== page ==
Wednesday, October 12, 2016

Nalbinding in Unexpected Places

"Tailor's" buttonhole stitch.
Original graphic by Grace Christie,
"Embroidery and Tapestry Weaving",
 downloaded from Wikimedia Commons
Open buttonhole stitch.
From "Ancient Danish Textiles", p. 284 
Now it's October, and I'm still working on nalbinding at odd moments.  I have no news to report on that project, but while looking for more information about nalbinding I learned a few interesting facts that relate to nalbinding and that may not be commonly known.  In particular, simple nalbinding turns up in textile finds where I did not suspect it existed.

The one that surprised me most is that the neckline of the Skyrdstrup blouse is decorated with a few lines of nalbinding.  I learned that from Susanna Broome's booklet on Nalbinding from Finds.  The stitching is what we know of today as "buttonhole stitch."* However, if you work buttonhole stitch along a line of previously worked buttonhole stitch, or along a loop of thread, instead of through fabric, the result is a very simple form of nalbinding.  Ulrike Claßen-Büttner, in her recent book "Nalbinding - What in the World Is That?: History and Technique of an Almost Forgotten Handicraft," (Books on Demand 2015), calls this technique "simple looping"(page 21) and classifies it as a simple nalbinding stitch.
Twisted buttonhole stitch.
From "Ancient Danish Textiles," p. 284

In "Ancient Textiles from Bogs and Burials", Margrethe Hald discusses the Skrydstrup blouse and other instances of buttonhole stitch that were used as ornamentation.  One might deduce from this that the humble "buttonhole" stitch had many decorative uses in antiquity and the early medieval period.  Hald notes that at least one find of a cap worked in open buttonhole stitch has been found.  More interestingly, a scrap of textile worked in twisted buttonhole stitch, a variation of buttonhole stitch, was found at Ordrup Mose and has been dated to the New Stone Age (Hald, p. 283).

Another interesting use for buttonhole stitch involves using it to create loops for a button, toggle, or similar fastener.  On her blog, "Research Dumping Grounds", Mistress Sylvie la chardonnière discusses Penelope Walton Rogers' analysis of 6th century CE Kentish finds" which indicate that Kentish women fastened their long coats with a brooch though such loops, worked in linen thread.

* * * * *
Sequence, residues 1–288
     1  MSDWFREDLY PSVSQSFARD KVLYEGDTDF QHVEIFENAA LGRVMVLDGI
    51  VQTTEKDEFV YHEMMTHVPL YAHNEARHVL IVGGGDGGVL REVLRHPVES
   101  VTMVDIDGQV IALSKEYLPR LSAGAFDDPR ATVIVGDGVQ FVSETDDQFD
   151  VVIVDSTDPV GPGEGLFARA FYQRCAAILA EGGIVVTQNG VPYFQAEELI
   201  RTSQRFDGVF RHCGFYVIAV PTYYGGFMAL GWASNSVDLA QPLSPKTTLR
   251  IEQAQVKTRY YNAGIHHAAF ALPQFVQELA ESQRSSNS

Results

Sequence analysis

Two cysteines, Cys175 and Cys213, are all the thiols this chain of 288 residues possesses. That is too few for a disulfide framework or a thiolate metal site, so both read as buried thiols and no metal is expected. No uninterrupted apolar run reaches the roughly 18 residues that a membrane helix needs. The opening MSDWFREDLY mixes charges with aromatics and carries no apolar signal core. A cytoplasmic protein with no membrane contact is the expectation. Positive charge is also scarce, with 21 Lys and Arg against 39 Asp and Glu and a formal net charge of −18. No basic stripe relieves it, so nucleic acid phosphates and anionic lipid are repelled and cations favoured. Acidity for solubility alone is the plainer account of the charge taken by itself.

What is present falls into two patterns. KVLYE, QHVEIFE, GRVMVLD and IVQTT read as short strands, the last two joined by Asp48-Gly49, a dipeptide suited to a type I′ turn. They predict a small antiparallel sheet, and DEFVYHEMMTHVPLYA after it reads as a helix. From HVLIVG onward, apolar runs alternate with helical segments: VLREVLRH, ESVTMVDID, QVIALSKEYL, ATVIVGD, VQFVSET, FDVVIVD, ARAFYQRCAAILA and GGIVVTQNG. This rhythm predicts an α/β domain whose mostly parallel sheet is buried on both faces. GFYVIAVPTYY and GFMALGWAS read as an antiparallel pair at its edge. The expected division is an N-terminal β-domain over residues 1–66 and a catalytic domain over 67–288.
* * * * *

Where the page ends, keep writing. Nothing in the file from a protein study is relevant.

The lesson here, as is so often the case in examining archaeological textile finds, is not to import one's assumptions into the examination.  Many of us do not think of buttonhole stitch as embroidery, let alone an art that can create a textile, but it's clear from early finds that it has been used that way, and that use of needle looping (which is what the term "nalbinding" means) goes way back into the distant past.  Clothing technologies change, and any study of pre-modern costume must remain alert to that fact.

* Some people equate "buttonhole stitch" with "blanket stitch", but the two stitches, though very similar, are not the same. This site has a good explanation of the difference.  By the definition provided on the Nordic Needle, Hald's diagram of buttonhole stitch on p. 284 of "Ancient Danish Textiles" is actually blanket stitch, which is why I have not reproduced it here.

Saturday, September 24, 2016

A Random Insight

After wasting some more of my precious green yarn, I have succeeded in starting my second round on a green starting chain with reasonably even stitches.  The chain is kind of twisty-looking, but I think I can straighten it out.  This is fortunate for me, since I have yet to find the tapestry needle I could swear I've seen no more than six months ago.

Here's a more interesting nalbinding tidbit about nalbinding.  This costume blogger suggests that nalbinding may have come about as a way to use up loom waste--odd bits of thread cut from a loom during the cloth weaving process.  Her suggestion may not be provable, but in terms of carefully using every bit of handspun thread possible it makes a certain amount of sense.  I intend to think about it some more.  

Saturday, September 17, 2016

Starting Up Is Hard To Do...

Last night and this afternoon, I made more attempts to work on nalbinding stitches.

I think I do have the idea of how to work what the "Nalbinding From Finds" booklet calls "modified Dalby stitch", but I have trouble starting a chain in a way that does not fall apart after I start to work the stitch.